Driven by the USA Paralympic Athletes, CRI fielded an adaptive rowing "Great Eight," made up of athletes who competed at the Paralympics in Rio this summer for the US, Great Britain and Australia, and promptly won the Directors Challenge Mixed Eights event.
Look for a row2k feature on adaptive rowing at the HOCR later this week.
Directors Challenge Events
Last but not least, the HOCR Director's Challenge events, which, in addition to providing the "ne'er weary" with yet one more three mile trip down the Charles, serve as the linchpin for the HOCR's Charity program, which raised over $70,000 this year.
Winning the Women's Quad was an entry from SoCal Scullers, anchored by Champs Singles runner-up and former USA National Team member Stesha Carle; the crew won by the proverbial mile.
In the Men's Event, the all-British Isles quartet of the O'Donovan brothers and the GB Olympic Men's Double of Jonny Walton and John Collins was upset by the all-Masters lineup of Mike Smith, Greg Benning, Russ Cone and Dan Gorriarian, who took the event on the strength of their handicap.
"Sometimes, it just pays to be old," said Smith after the race.
The Director's Challenge Mixed Double was won by local rower (and Men's Masters 2x champ) Sean Wolf, who made good on his pre-race promise to "let (Rio W8+ gold medalist) Lauren Schmetterling haul me down the course" for the win.
Thus, another very full weekend of racing in Boston comes to a close; we hope you've enjoyed our coverage!
Notes from the Course
- #bossinthequad is a thing now, apparently.
- The O'Donovan brothers have taken all the publicity since Rio in stride, noting that the publicity is good for the sport in their country and worldwide, so they have been happy to play along. They did spend a bit of time in New York City, and only after getting stopped on the streets by random (i.e.,, non-rowing) strangers were they a bit stunned to realize how far their renown had spread.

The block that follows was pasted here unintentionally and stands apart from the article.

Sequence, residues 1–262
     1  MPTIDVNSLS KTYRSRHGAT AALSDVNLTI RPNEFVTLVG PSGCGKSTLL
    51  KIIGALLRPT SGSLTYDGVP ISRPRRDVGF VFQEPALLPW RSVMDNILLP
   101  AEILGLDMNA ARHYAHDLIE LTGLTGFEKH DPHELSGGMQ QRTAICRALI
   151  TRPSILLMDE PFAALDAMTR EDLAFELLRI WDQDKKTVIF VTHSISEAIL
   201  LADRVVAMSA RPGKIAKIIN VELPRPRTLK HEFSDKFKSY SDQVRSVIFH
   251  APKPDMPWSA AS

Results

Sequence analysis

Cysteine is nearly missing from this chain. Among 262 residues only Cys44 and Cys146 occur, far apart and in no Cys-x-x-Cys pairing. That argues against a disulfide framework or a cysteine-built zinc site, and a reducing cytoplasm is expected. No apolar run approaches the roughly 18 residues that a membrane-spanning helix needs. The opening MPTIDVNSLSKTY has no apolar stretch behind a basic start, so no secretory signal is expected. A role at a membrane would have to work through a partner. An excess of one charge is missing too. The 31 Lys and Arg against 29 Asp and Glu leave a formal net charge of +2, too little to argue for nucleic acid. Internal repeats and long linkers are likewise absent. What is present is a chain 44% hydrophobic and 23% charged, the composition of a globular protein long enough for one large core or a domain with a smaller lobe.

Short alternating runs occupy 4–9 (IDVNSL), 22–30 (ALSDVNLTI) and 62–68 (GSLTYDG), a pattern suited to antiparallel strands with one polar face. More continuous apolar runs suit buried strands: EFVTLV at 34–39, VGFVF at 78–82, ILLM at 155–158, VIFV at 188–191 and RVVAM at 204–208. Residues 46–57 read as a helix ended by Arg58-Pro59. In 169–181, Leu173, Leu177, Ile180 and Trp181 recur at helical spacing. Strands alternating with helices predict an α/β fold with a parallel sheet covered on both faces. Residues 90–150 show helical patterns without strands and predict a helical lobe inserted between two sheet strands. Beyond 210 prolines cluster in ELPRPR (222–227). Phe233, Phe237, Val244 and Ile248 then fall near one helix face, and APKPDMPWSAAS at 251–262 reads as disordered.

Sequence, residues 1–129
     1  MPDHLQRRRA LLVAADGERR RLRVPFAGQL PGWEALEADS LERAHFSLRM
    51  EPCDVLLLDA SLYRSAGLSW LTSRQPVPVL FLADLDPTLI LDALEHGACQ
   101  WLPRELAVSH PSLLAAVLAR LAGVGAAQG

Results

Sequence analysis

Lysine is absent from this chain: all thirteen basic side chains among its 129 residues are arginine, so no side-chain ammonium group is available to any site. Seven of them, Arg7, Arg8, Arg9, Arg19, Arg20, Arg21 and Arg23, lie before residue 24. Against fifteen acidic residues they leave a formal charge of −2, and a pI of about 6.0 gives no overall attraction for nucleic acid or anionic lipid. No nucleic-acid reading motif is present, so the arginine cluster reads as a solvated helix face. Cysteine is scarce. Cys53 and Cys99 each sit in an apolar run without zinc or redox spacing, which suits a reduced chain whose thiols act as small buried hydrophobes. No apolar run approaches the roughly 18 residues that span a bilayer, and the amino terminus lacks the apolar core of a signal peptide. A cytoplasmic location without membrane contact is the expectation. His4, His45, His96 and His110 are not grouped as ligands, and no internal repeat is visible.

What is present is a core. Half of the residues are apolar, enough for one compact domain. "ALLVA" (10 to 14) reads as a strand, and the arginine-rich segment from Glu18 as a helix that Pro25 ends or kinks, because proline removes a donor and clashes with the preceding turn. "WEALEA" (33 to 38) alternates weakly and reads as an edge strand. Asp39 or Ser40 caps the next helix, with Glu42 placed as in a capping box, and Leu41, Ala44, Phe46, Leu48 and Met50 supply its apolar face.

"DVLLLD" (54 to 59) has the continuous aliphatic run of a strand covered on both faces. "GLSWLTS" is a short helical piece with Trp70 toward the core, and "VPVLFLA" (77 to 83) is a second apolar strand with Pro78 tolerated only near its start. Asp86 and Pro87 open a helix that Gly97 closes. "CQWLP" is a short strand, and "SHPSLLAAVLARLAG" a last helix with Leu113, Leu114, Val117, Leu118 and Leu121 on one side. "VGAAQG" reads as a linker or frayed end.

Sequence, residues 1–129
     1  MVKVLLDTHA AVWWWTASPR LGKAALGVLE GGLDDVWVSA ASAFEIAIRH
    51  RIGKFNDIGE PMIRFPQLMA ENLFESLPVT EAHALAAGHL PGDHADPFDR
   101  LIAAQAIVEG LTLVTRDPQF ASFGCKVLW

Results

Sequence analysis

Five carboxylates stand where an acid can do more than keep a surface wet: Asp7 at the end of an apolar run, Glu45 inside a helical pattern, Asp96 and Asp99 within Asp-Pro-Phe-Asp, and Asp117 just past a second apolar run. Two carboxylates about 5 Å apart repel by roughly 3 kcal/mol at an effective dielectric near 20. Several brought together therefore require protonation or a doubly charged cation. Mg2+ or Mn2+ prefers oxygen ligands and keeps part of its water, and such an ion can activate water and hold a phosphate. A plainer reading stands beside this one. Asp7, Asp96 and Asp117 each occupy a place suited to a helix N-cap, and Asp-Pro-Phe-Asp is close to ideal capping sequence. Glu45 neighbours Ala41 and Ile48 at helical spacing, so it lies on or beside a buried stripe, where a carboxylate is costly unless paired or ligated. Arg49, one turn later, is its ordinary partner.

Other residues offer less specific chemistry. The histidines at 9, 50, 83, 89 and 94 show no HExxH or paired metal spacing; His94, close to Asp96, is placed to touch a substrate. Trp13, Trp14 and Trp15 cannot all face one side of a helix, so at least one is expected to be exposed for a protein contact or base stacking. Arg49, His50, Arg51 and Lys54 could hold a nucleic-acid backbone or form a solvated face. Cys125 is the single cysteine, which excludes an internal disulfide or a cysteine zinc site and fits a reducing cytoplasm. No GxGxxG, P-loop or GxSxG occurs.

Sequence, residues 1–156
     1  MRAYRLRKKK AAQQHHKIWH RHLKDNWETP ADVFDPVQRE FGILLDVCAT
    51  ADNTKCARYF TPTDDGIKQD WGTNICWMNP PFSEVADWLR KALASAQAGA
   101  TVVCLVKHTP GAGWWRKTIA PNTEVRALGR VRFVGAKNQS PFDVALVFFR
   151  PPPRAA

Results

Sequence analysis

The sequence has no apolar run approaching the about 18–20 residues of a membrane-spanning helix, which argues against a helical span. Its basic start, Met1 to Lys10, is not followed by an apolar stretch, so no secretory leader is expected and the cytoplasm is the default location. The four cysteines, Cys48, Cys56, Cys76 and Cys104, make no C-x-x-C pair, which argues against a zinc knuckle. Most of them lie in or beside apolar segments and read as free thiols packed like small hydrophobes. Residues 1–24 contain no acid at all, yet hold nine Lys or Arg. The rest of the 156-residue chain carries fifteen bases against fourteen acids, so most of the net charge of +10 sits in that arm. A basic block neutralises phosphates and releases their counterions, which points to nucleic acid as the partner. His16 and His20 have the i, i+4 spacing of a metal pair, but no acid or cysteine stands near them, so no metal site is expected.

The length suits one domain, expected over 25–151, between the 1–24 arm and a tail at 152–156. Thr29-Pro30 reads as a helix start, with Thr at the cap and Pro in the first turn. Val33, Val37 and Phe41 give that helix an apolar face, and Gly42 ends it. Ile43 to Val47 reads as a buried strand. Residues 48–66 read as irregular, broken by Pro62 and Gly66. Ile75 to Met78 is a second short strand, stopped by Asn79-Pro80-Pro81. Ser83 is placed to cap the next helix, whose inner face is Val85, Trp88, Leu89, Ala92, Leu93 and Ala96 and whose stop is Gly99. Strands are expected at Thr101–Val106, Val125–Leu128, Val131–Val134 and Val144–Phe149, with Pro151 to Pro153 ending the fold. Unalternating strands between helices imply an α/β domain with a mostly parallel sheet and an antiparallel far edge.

- From a US college coach: "Everybody keeps saying that the O'Donovans 'came out of nowhere,' but I was recruiting them when they were 16!"
- RBC rower Jeff Angle's ejector crab during Saturday's Masters Eights race took on a life of its own on social media; maybe lost in the story about Angle's exit was the fact that he got back into the boat quickly and finished the race, well done!
- Hardest last mile of the course had to be the one the Hingham Women's Youth Eight had, with a course buoy, including the buoy line and the weight, wrapped around the shaft of six-seats oar and then dragged all the way to the finish line, owww.
- Overheard on the banks: "She should use her legs," (said without irony)
- The wind made the going tricky on Sunday; while the race committee kept the full length course, the warm-up area was shortened to keep crews out of the worst of the water conditions in the basin. The whitecaps in the finish straightaway tho'!
- Folks take their visibility and steering really seriously on the Charles course; we saw one single that had mounted car mirrors on either side of the hull.
- When Marcus McElhenney took the tiller ropes dressed as Pikachu in the Director's Mixed 8, did he get the "Do not play while driving" warning?
- Crews came through Anderson into some of the better water of the course - but that was because it was a crosswind, and soon they were skidding wildly to starboard
- The headwinds do seem to help keep crashes slightly less cataclysmic; with crews going at markedly lower speeds, coxswains are able to avoid and extract themselves more effectively
- Finally, the downpours were not well received by the row2k camera gear, ouch